‘Experimentation is what develops an art form’ – interview with CLAY founder, Jess Sweet
Is it just me or is there a feeling of complacency in the air? There’s a distinct lack of Christmas trees on my street. And despite this momentous moment in British politics, my neighbours haven’t even risen to the usual passive aggressive game of ‘who can display the most prominent election posters in the window’. Disillusionment or just plain boredom, it seems we’re all in desperate need of a shake-up.
Refreshing then to find a new venue like the Centre for Live Art Yorkshire or CLAY as it is known, whose very being is about breaking boundaries and supporting work that prods us out of our comfort zone. Founded by Jess Sweet and Matt Allen, CLAY has picked up where former live arts institution Leeds Art Bistro (LAB) left off. But as Jess explains, the aims have shifted.
“Myself and Matt were heavily involved in LAB but we weren’t the founders, so wanted to set something up which was ours from the beginning,” says Jess. “LAB was much more of a programming team but at CLAY we want to focus on creating an affordable, physical space for artists. We have quite a bold ambition to be a permanent venue.”
CLAY, which is situated three minutes from Leeds Playhouse, runs on a commercial basis with a bar, space for hire and a tiered membership scheme. The basic level gives you early access to tickets and discounts, while hot-desking and permanent studio space is on offer for artists looking for a temporary, or more permanent, home. There’s also a residency programme which includes hire of the main performance space at a reduced rate.
“We’re about supporting artists in the way they want to be supported,” explains Jess. “We’re not here to dictate how someone’s practice should run because that’s not useful to anyone and anyway, how could we know? Everyone’s practice is different. Although we don’t always have lots of money, what we do have is a lot of willing to make whatever it is they’re trying to do, work.”
As well as an election night party with a drag twist, CLAY is also busy planning the evening celebrations for York’s SLAP festival in February. “It’s called DryHump and it’s pretty gay,” she confides triumphantly. They also have NEWK’d coming up this weekend (14-15 December), a two-day event dedicated to developing new work.
“NEWK’d is based on the NEWK scratch night, which is a platform to try out new work on audiences. The sort of work we want to support is harder to define than ‘person performs here, audience sit here’, so the tagline is ‘celebrating ten years of NEWK and interrogating what the future of it could be.’ There is a full day of performance with some intimate works with one or two audience members, as well as some stuff which is technologically really interesting. At the end of the day we’ll get feedback from the audience. On the second day we are having a day of talks and panel discussions, where we’ll be serving micheladas.”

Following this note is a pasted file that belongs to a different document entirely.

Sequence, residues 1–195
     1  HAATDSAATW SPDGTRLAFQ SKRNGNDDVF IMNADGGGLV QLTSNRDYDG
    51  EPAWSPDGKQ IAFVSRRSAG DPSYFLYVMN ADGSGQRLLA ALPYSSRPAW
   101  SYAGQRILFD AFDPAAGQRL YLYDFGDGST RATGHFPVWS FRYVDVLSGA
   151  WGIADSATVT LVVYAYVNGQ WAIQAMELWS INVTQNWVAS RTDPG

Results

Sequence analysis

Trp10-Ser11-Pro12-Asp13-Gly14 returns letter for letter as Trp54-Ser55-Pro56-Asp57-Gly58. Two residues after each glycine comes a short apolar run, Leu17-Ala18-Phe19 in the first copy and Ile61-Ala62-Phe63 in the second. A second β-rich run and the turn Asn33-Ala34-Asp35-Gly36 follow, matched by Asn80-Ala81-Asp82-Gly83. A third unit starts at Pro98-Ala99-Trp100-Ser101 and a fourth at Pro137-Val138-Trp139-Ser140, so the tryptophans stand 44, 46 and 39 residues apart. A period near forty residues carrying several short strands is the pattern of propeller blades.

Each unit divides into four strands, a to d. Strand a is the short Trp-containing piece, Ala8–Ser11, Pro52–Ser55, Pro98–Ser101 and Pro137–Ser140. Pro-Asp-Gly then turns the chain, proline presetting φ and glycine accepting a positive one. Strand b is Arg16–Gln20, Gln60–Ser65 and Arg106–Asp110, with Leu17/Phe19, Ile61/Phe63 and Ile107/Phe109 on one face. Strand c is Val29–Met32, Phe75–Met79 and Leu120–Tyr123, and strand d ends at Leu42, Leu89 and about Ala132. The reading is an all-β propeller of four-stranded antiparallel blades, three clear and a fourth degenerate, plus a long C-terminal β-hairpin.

Jess and Matt are no strangers to the alternative arts scene. A graduate of Leeds Beckett’s Creative Enterprise degree, Jess studied there at the same time as Matt but the pair didn’t meet properly until they were out working in the ‘real world’. Jess started a guerrilla arts space in her Hyde Park basement, ran immersive story experiences for kid’s birthday parties and managed bars before giving up her ‘money jobs’ to focus full time on the arts. For Jess, it’s vital that things in the arts don’t get stale.
“Experimentation is the thing that really develops an art form. If you don’t allow room for the new stuff to be a bit messy and really interrogate the boundaries of what performance can be, then it just becomes obsolete. It stops working.”
Experimental is all good, but I wonder if there’s anything off limits?
“The politics of what someone is doing is important to us. In comparison to other arts spaces I would say we are quite radically inclusive, so if we brought something into our space that really excluded people we wouldn’t be doing our job very well. Aside from that, the only parameters are making sure that the artist and the audience are safe.”
Live art might not be your bag – you may not even know quite what it means – but Jess insists it’s often just about getting people to try it for the first time.
“I think there’s a perception around live art that it’s not for everyone because it’s high brow. I can understand that because if it’s not like something you’ve ever seen before, then you may not know how to watch it. But you would be surprised. People think they like what they like until they come here. People actually like to be wowed. It’s not unusual that once you get someone through the door, they definitely come back again.”
As a relatively new kid on the block, CLAY could always do with more support. I ask Jess what people can do if they like the sound of it.
“Buy tickets, spend your money at the bar, become a member. We’ve got loads of opportunities and we’re really up for bringing new people in. We love making new friends and it will be us that you’ll be seeing – Matt sitting at the box office and usually me behind the bar. So come down and see a show. There’ll probably be some impromptu karaoke afterwards and it’s bloody fun.”
These days, a little bit of impromptu karaoke sounds like just what we need.